Emily Vogl, Frank Vogl
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Governance of Financial Institutions
Washington D.C., March 31, 2010 — The Center for Strategic & International Studies (CSIS) Hills Program on Governance, The American Assembly at Columbia University, and the Institute of International Finance today issued a report entitled, "Governance of Financial Institutions."
An Overview of the Report
The Report is a collation of the views expressed at a colloquium held in New York City last year on November 3rd and 4th by 55 participants from international financial institutions, major accounting and law firms, academia, media and policy institutes, including seventeen who chair or who have chaired relevant regulatory agencies. Paul A. Volcker, Chairman of the President's Economic Recovery Advisory Board, provided the opening talk of the colloquium. Judge Richard Posner of the U.S. Court of Appeals for the Seventh Circuit was the other principle speaker.
Opinions expressed at the colloquium concerned the structure and performance of corporate boards, the quality of risk management by regulatory and corporate officials, the compensation of executives and the responsibility of regulatory agencies to influence such governance issues
Many participants stated that the severity of our financial crisis has been aggravated by lax corporate governance policies at many financial institutions. One speaker blamed the collapse on a crisis of competence. Others said that the boards of many financial institutions must take substantial steps to improve their oversight of financial institutions. Directors, they said, must devote more time to their responsibilities, have more skills and expertise and exercise considerably more control over compensation matters. Participants expressed a widespread view that risk management policies have been inadequate in many financial institutions. Others argued that corporate risk officers must report to board risk committees and have stature at least comparable to that of the chief financial officer. Similar concerns were expressed about the shortcoming of regulatory oversight. Broad support was given for greater training that can substantially enhance the expertise of those who regulate financial institutions.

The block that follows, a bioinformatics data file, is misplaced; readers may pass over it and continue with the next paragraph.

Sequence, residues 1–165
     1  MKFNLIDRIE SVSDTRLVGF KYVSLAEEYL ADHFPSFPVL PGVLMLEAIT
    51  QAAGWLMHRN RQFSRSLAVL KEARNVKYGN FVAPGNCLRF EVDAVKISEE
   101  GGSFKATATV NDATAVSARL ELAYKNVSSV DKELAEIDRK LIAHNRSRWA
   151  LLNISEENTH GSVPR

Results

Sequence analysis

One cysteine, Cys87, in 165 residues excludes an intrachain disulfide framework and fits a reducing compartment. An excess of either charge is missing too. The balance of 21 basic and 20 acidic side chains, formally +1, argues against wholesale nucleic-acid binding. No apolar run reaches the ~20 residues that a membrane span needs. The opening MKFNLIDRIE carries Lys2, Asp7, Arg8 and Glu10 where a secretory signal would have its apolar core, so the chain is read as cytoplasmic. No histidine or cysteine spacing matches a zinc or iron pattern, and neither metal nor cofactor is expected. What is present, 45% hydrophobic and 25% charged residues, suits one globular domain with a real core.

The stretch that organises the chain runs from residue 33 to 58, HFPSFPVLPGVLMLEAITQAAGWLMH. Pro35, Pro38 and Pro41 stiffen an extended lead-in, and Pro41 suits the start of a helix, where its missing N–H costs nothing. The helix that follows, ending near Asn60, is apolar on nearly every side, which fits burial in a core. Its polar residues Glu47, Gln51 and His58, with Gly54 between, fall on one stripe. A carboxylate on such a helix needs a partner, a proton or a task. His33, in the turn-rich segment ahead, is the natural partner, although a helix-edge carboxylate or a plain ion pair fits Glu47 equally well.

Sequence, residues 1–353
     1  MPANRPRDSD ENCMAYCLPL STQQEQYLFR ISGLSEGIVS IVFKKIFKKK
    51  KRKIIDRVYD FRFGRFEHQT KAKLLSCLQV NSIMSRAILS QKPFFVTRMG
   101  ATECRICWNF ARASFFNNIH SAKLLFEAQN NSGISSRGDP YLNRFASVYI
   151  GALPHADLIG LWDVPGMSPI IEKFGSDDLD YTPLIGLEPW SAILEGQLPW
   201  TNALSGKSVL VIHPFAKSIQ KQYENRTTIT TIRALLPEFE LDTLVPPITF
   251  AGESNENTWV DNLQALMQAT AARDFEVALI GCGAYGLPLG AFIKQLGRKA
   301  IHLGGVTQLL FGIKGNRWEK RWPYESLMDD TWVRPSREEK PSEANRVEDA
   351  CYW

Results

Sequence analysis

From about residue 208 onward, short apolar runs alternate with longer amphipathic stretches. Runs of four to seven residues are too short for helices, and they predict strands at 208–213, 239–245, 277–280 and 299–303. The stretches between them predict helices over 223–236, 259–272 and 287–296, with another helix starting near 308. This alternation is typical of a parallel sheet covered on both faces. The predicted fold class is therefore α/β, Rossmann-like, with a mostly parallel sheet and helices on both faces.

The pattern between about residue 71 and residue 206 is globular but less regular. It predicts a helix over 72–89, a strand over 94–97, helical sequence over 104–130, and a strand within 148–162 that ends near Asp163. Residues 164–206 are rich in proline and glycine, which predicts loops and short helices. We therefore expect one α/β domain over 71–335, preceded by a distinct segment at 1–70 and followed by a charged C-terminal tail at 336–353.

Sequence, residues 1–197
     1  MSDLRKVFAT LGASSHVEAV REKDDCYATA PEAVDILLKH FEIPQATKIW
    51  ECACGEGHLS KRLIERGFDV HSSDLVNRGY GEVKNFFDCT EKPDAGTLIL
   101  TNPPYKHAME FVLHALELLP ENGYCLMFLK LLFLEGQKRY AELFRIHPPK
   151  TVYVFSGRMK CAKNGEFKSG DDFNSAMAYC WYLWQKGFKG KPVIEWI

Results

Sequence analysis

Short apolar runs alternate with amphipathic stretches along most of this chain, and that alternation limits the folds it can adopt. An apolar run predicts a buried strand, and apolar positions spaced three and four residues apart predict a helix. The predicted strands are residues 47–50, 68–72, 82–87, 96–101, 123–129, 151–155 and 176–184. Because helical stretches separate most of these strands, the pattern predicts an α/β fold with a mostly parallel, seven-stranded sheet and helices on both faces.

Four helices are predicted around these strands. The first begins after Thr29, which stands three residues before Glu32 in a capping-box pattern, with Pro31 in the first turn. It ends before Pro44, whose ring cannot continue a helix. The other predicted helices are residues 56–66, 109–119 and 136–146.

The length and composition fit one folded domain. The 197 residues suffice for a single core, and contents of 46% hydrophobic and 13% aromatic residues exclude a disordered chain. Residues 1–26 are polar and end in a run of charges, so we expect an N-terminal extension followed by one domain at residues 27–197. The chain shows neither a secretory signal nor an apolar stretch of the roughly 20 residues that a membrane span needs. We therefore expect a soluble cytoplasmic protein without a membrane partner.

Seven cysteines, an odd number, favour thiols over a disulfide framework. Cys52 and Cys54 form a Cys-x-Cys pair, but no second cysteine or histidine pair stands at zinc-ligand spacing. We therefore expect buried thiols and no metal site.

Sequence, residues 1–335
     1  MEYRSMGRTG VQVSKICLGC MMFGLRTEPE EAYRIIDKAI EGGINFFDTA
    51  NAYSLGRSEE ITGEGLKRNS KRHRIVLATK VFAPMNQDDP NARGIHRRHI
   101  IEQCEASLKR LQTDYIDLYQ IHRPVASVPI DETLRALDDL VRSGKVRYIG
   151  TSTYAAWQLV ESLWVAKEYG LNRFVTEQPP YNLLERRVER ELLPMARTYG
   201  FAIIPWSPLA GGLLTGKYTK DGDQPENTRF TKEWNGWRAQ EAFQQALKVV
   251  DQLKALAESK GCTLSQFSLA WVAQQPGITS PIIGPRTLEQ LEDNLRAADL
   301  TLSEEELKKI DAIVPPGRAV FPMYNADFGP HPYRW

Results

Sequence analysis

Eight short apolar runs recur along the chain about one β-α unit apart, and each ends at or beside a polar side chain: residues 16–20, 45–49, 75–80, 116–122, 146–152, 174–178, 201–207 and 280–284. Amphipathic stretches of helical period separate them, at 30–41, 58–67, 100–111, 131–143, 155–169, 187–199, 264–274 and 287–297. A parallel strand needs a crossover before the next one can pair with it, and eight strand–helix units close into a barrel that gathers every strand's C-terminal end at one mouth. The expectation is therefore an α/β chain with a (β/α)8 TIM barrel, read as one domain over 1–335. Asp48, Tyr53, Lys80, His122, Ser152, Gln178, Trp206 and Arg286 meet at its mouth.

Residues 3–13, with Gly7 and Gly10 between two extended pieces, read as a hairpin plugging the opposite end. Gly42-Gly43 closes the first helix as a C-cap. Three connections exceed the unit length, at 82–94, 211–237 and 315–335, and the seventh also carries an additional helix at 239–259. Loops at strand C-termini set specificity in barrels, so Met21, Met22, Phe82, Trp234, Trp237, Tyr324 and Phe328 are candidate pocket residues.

While most participants did not comment on current proposals to reform the regulation of financial institutions, several did suggest that the U.S. Government needs to become more expert in understanding what went wrong before reform legislation is finalized. Particular concern was expressed about the possibility that action taken in the United States may conflict with action taken by other countries.
The Center for Strategic and International Studies is a private, tax-exempt institution focusing on international public policy issues. Its research is nonpartisan and nonproprietary. CSIS does not take specific policy positions; accordingly, all views, positions, and conclusions expressed in these publications should be understood to be solely those of the authors.
The American Assembly, founded by Dwight D. Eisenhower in 1950, and affiliated with Columbia University is a national, non-partisan public affairs forum that illuminates issues of public policy through commissioning research and publications, sponsoring meetings, and issuing reports, books, and other literature. Its topics include national domestic and foreign policy. Its projects bring together leading authorities representing a broad spectrum of views, interests, and background.
Emily Vogl, Frank Vogl